It is through the Metchley Wonder line that The Lily's blood has been perpetuated, and it is Metchely Wonder we can credit as the source of the white Collie today, as he is recognized by the fancy. We have had in America many representatives of the Metchely Wonder line imported from abroad, not all of which would carry the white genes, this having to be proven through experimentation, but all to be considered potential material for the production of the legitimate, color-marked white.

Metchely Wonder was himself a broadly marked, bright sable, whelped in 1886. His sire was the tricolor Sefton, and his dam the sable and white Minnie. Sefton was a son the broadly marked, bright sable, Ch. Charlemagne, who was credited with siring whites. Charlemagne himself, like his own sire, being the product of a tri sire (Trefoil) out of a sable and white dam (Maude), daughter of Old Cockie, sable, and Meg, tri. Sefton's dam, Ch. Madge, was a tri from the two sparsely marked tricolors,
Ch. Marcus and Ruby III. Ruby III also being a daughter of a pair described as merely "black and tan".

Metchley Wonder's dam Minnie was a sable and white daughter of Loafer (sable son of Chang and The Lily), Minnie's dam, like herself, being also a sable and white, Catrine.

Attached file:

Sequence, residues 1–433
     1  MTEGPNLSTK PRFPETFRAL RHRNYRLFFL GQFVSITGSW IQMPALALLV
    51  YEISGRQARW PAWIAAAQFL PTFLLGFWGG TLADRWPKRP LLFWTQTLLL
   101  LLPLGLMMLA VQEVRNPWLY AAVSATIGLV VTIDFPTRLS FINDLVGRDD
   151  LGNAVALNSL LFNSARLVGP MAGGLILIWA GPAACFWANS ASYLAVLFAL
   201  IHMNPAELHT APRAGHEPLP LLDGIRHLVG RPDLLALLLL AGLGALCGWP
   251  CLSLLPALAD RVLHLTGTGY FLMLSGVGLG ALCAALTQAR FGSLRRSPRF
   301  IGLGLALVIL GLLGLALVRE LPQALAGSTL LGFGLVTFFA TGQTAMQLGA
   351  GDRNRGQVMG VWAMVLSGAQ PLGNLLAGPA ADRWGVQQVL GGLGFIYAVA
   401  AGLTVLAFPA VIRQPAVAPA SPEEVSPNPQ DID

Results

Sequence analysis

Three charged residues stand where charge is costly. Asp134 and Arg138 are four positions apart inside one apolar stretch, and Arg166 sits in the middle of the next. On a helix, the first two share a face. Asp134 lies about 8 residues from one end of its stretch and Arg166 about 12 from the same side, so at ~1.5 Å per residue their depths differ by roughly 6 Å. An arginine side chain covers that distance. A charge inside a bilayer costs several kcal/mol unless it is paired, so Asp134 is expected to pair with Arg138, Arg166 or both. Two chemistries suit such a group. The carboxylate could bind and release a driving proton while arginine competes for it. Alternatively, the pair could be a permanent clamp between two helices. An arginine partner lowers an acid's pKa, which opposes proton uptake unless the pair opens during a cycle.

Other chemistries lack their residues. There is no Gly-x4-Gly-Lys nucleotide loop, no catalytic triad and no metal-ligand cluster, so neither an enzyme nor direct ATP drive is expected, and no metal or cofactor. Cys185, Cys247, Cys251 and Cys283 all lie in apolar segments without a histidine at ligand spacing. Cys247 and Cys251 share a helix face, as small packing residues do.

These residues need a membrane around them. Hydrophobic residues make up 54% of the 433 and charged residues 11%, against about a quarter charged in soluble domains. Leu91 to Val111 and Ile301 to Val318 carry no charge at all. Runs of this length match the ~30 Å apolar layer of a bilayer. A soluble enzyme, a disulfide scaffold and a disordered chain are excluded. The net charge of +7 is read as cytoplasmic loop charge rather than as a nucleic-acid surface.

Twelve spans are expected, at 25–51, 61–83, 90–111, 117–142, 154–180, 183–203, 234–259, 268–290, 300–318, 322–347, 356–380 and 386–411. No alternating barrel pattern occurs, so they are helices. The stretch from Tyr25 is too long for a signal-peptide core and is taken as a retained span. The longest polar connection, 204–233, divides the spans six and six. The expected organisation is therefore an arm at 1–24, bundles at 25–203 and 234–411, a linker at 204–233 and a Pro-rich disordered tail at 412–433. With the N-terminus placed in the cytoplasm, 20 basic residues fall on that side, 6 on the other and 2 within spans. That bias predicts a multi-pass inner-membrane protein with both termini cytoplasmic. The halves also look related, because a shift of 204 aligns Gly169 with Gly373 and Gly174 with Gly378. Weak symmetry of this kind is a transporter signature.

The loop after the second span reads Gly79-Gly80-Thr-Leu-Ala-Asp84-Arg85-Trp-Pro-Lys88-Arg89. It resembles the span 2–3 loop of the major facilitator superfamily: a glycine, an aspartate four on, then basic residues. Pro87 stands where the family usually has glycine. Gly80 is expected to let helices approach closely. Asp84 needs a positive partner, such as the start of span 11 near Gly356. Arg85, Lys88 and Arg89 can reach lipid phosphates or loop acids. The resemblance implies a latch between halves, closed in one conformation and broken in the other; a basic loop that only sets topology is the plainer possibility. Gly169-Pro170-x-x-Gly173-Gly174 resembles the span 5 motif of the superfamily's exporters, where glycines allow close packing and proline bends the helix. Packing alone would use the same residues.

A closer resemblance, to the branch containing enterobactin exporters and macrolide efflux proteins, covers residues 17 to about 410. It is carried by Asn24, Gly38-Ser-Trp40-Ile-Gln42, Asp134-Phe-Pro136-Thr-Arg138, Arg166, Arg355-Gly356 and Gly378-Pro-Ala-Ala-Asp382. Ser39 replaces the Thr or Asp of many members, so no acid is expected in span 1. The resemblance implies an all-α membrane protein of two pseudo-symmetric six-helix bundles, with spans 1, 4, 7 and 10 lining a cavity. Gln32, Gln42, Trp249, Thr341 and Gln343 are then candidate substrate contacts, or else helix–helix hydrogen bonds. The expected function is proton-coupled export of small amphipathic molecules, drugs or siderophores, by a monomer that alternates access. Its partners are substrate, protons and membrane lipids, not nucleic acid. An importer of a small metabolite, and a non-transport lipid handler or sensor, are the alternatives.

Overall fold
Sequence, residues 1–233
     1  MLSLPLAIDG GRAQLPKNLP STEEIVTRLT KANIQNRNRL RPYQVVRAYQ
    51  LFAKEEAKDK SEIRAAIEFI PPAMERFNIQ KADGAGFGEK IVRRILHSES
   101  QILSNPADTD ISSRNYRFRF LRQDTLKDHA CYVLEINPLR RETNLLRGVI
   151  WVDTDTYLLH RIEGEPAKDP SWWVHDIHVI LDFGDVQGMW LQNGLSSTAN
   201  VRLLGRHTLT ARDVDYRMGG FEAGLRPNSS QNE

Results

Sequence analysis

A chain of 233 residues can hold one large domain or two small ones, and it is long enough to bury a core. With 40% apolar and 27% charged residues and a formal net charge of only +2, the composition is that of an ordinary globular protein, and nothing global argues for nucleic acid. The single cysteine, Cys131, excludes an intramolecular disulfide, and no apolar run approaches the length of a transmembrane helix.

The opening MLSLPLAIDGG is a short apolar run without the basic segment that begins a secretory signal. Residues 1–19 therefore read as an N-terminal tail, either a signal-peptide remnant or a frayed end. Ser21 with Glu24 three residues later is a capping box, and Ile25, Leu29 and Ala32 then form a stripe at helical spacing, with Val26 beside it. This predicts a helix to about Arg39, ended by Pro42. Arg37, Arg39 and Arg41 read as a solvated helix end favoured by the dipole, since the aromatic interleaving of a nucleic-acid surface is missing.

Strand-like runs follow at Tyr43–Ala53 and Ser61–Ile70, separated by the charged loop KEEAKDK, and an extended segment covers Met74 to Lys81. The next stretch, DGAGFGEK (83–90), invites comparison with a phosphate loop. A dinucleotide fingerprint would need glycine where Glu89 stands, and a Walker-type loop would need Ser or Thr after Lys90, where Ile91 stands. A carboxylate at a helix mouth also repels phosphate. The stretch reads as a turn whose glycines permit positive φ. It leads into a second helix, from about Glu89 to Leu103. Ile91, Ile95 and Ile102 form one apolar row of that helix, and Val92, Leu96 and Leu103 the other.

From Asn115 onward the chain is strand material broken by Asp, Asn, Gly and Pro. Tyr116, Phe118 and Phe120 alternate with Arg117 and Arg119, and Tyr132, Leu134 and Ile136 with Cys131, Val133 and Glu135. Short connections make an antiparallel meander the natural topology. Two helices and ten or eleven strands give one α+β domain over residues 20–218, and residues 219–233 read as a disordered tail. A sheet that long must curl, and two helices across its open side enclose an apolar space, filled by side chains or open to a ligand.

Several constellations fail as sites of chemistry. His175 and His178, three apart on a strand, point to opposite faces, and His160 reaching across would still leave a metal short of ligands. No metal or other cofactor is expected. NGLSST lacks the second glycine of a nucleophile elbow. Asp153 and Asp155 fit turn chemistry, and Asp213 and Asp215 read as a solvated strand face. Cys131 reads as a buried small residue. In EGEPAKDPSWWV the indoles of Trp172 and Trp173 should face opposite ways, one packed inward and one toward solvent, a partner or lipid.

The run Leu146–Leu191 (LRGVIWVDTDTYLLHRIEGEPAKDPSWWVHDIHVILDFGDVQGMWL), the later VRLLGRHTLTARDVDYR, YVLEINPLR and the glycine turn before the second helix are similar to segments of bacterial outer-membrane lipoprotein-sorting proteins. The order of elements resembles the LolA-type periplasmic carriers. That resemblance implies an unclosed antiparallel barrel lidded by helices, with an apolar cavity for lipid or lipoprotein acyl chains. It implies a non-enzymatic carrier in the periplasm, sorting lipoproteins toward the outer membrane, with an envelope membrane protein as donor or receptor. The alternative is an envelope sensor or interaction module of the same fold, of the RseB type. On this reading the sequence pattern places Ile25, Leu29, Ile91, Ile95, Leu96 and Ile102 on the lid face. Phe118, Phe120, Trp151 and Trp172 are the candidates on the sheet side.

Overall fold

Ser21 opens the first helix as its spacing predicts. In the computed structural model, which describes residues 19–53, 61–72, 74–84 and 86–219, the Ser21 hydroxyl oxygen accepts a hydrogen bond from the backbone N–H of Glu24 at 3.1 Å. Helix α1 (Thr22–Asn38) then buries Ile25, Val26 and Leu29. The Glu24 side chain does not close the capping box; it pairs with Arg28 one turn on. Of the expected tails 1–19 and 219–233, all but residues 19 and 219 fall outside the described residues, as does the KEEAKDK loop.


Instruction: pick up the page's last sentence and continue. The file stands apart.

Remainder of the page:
The Lily was a daughter of Trevor, sable and white litter brother to Ch. Charlemagne. The Lily's dam was the tri, Hasty, by the black and tan, Ch. Carlyle, out of Glen, a daughter of Trefoil, sire of Ch. Charlemagne.

Catrine was a daughter of Bonnie Laddie, (by Duncan ex Old Bess); Duncan a son of the tricolor, Scott, ex Lufra, also tri. Catrine's dam was was Bonnie Greta, by the sable and white dog, Druce (full brother to Bonnie Laddie) out of the blue, Hunt's Lassie. Thus it will be seen that the blood which produced The Lily was predominantly sable, although some of the tricolors appearing on her pedigree were partly of merle ancestry. Undoubtedly, it is to the paternal line through
Ch. Charlemagne, and the maternal line through The Lily, that Metchley Wonder's white producing ability must be attributed.

We must conclude, however, that many of the early whites were not allowed to survive, due to the prejudice against the color which existed during this certain period of the development of the breed. and as a consequence probably only a small percentage lived to popularize the color during this period of Collie history and to bring down to later generations of the fancy the full value of the lines capable of producing the white color.

The prejudice which still exists against the white color is collies is undoubtedly partly a carry-over of this ancient prejudice, and partly due to the all-white, alien type of Collie which was all the fancy knew in the early 1900's. It must always be remembered, however, that the color-bred, color-marked white is not a new color in the breed, but merely a revival of one of the oldest of the Collie colors. As yet there are only a few authentically bred, show-type white in America; by far the majority are of questionable origin, many derived from the all-white stock which savors strongly of the infusion of alien blood, judging from the persistence with which a cerain type manifests itself in this variety. The healthy sign regarding the white variety is that no longer is a white Collie's value measured by the freedom from any color. The all-white as apparently gone, not only into the limbo of "forgotten" things, but also "verboten".